In Cleveland, Ohio, Steve Stephens shot a 74-year-old man he had never met before, Robert Godwin Sr., to death, and then posted a video of the Sunday killing on Facebook.
The horror of it all, the television anchors reminding us to shield our eyes and emotions from the video and the chilling words of Stephens himself, raise all the familiar questions. The explanations, so habitual they’ve become shorthand, and the ever-elusive, ever-desired solutions blip across our brains and dot our conversations.
“Gun control,” of course is one blip, though there is no reason to believe at this point Stephens has done anything that would have cost him his right to own a gun, and no one has said under what circumstances he obtained it. “Do more on mental health,” we murmur . . . but reports are that Stephens has been working for almost a decade at a behavioral health agency that serves children and does not have a criminal record. The addition of social media to the equation, and video, give this killing an eerie dystopian immediacy, but killings, and killers who want the public to know of them, predate smartphones and apps. The hand-wringing about the responsibilities of online companies as publishers and curators, and our voyeuristic involvement, is almost comforting as a sideshow, much easier to focus on than such a despair-inducing crime.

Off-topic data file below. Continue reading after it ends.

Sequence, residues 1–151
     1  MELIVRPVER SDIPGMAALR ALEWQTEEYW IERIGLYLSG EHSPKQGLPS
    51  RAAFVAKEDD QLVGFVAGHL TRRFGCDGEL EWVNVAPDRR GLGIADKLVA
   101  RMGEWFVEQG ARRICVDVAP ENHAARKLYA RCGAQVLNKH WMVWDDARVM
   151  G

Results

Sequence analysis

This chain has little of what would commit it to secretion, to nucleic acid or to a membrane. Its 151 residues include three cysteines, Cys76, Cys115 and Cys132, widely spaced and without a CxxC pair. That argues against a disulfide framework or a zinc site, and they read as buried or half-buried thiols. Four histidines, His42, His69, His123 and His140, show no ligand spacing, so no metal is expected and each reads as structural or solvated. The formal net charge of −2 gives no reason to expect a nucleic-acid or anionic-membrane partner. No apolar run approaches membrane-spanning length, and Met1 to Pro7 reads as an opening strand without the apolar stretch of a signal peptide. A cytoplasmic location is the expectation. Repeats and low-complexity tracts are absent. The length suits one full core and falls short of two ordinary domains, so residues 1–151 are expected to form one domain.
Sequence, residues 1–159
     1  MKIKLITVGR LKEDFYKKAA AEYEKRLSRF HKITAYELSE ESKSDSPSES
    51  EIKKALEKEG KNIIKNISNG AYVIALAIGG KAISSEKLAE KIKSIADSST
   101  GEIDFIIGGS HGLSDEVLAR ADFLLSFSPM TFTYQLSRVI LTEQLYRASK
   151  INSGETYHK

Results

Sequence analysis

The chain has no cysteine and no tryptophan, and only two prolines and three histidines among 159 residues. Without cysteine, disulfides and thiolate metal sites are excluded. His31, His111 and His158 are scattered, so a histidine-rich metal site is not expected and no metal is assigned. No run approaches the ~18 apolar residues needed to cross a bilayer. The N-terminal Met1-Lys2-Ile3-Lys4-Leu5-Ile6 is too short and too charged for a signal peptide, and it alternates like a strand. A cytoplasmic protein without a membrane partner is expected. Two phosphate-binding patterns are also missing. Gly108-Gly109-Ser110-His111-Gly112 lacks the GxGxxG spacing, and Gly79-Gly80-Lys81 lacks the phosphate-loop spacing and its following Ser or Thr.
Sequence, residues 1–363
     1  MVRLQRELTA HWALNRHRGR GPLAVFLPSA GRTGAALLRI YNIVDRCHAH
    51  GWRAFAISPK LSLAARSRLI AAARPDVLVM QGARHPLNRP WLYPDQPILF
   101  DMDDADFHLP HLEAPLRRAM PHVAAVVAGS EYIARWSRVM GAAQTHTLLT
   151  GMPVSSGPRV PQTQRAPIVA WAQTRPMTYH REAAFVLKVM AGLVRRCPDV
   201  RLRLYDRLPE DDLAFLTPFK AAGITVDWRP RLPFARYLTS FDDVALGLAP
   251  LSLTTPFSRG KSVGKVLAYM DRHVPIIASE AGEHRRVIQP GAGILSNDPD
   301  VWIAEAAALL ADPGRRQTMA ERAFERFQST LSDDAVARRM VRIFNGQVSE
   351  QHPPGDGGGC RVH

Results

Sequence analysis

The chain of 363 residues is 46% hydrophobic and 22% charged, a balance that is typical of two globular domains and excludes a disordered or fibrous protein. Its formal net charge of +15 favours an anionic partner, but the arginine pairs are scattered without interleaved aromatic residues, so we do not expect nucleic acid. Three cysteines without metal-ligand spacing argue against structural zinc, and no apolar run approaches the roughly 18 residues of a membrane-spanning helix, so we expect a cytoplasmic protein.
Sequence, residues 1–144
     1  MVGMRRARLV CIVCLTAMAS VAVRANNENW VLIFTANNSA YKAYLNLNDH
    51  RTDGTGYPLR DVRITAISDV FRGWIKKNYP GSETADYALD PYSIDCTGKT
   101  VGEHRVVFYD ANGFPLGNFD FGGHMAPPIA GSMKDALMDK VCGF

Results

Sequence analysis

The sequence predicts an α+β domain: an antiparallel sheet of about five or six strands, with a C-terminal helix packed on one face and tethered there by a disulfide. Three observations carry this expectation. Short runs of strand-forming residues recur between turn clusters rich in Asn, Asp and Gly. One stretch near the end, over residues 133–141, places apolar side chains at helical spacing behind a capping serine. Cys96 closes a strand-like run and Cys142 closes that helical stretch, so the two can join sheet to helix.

Sunday also marked 10 years since a mass shooting on the Virginia Tech campus left 32 people dead, 17 wounded, and a nation shaken and bereft. Families and community members gathered in Blacksburg to be together and remember. On that day a decade ago, it seemed the campus killing spree would be ingrained in our memories forever, perhaps even remain the worst such shooting in our nation’s history. But the name of the killer, Seung-Hui Cho, a senior at Virginia Tech, and the details of the event have faded for most of us since.
Part of that is the passage of time, and part of it is the onrush of other violence, from Aurora to Sandy Hook to San Bernadino to the Orlando Pulse nightclub, where 49 people were killed and 53 were wounded last June. That is, for now, the deadliest mass shooting in our nation’s history, having relegated Virginia Tech to second place.
In the decade since Virginia Tech, it feels like we have gotten exactly nowhere addressing gun violence. We have not even agreed on what to address, or how. Objectively, we know that homicide rates are down, not up, that for most of us this nation is safe and this kind of violence is vanishingly rare.
But it is not so rare that any one incident’s details remain vivid in our minds. It is not so rare that it does not affect our politics and perspective, our mood and serenity and quality of life.
And now it is right there on the screen. Godwin, trying to speak to Stephens before he is killed, as confused about what is happening as we are, and as powerless to change it.